Ishwa' before 1948
The village stood on a large low hill surrounded by wadis to the east and the south some 20 km west of Jerusalem. Ishwa’ was believed to have been built on the site of the Canaanite city of Eshta’ol. It was known by that name during the Roman period. However Dayr Abu al- Quabus, situated half a kilometer to the North has also been identified with Roman Eshta’ol. During the 16-th century the settlement seems to have shifted half a kilometer to the north-east to the site of the village of ‘Islin. When this site was abandoned, in the 17-th or 18-th century Ishwa was repopulated. In 1875 it had about 450 inhabitants, in 1931 468 people were counted living in 126 predominantly stone-built houses. By 1944-45 the population had risen to 620 all of them Muslim. The village was star-shaped and possessed 5522 dunums of land. The village had a mosque, several small shops and an elementary school. Water was provided from ‘Ayn Ishwa’, north of the village and several smaller springs and wells. Agriculture was rain-fed. The villagers grew grain, olive trees, vineyards and fruit on their land.
Occupation and depopulation
On March 22 British forces stopped a Palestinian attack on the neighboring Jewish settlement Har Tuv. According to the New York Times 16 smoke shells were fired into the village and the population as well as armed forces stationed in it were evacuated. On the next day 600 British Soldiers entered the empty village.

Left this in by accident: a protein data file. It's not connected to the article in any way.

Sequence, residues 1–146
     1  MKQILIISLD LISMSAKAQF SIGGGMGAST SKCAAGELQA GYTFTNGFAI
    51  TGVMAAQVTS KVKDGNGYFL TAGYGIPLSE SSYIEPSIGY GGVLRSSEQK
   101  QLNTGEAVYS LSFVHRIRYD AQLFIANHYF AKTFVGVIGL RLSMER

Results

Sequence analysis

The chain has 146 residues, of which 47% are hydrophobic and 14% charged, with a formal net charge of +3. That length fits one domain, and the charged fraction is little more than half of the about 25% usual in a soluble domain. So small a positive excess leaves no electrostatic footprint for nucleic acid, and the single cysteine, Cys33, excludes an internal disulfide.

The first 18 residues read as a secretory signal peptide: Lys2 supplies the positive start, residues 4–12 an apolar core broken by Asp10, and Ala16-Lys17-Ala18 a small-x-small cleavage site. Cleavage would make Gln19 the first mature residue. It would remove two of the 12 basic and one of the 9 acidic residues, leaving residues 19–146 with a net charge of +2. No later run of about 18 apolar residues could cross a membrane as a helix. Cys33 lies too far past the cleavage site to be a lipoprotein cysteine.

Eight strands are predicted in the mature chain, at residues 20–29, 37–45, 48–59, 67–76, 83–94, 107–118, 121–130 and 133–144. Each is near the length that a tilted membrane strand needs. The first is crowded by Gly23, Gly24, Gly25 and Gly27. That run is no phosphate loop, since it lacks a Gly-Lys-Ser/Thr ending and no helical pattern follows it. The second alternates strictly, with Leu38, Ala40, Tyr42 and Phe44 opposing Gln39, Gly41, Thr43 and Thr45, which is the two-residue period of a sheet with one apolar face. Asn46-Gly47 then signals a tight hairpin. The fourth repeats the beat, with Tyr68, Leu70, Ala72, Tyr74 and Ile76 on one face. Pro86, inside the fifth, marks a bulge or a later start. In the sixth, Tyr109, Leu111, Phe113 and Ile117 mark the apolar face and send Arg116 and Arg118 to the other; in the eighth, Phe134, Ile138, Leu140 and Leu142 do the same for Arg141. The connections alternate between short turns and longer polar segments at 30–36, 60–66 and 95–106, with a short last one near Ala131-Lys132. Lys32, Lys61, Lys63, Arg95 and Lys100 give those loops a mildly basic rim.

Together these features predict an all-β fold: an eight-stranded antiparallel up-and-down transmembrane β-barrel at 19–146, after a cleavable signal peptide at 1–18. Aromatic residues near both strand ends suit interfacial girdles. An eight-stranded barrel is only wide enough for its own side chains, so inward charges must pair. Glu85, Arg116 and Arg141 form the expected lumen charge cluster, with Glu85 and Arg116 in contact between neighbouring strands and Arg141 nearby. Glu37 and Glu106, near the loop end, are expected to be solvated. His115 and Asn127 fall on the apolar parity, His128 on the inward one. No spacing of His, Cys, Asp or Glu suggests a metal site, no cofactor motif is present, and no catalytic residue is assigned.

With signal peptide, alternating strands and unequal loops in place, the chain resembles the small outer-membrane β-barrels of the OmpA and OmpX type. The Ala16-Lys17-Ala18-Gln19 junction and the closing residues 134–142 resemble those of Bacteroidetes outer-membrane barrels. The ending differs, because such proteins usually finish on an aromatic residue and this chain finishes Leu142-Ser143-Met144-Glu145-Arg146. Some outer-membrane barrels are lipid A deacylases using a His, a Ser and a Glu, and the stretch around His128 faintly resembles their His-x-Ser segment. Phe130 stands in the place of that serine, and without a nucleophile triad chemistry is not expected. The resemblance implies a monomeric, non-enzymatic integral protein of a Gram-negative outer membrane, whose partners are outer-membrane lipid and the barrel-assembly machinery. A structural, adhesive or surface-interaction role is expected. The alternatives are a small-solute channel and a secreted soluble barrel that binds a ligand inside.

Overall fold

According to the History of the war of independence the village was “cleansed” by the fourth battalion of the Har’el brigade on 16. July 1948. This probably means that inhabitants who had remained after the mortar barrages were summarily expelled. A string of neighboring villages met the same fate as part of operation Dani. The aim of the operation was to expand the Jewish-held corridor to Jerusalem.
Israeli settlements on Village lands
Israel established the settlement of Eshta’ol in 1949 on land belonging to Ishwa” and the village of ‘Islin.
The Village Today
Only a few of the village houses remain interspersed among the settlement’s houses. Some serve as residences others as warehouses. The village cemetery has been levelled and planted with grass. On the southern edge of the cemetery is a cave that contains a large grindstone from a flour mill. Olive and Carob trees grow on the site among other trees planted by the settlers. At the western edge of the village is a soccer field. The walls and fallen roofs of destroyed houses can be seen at the edge of the field.
Main Source: Walid Khalidi, All that Remains, 1990, 292-294
Information from additional sources:
According to PalestineRemembered.com local Palestinian Militias in the village were assisted in fighting by the Egyptian Islamic Brotherhood and several volunteers of the Arab Salvation Army.
Salman Abu Sitta, Researcher of Palestinian Refugees estimates that 719 people lived in the village in 1948 (The Palestinian Nakba 1948, 2000, 54).
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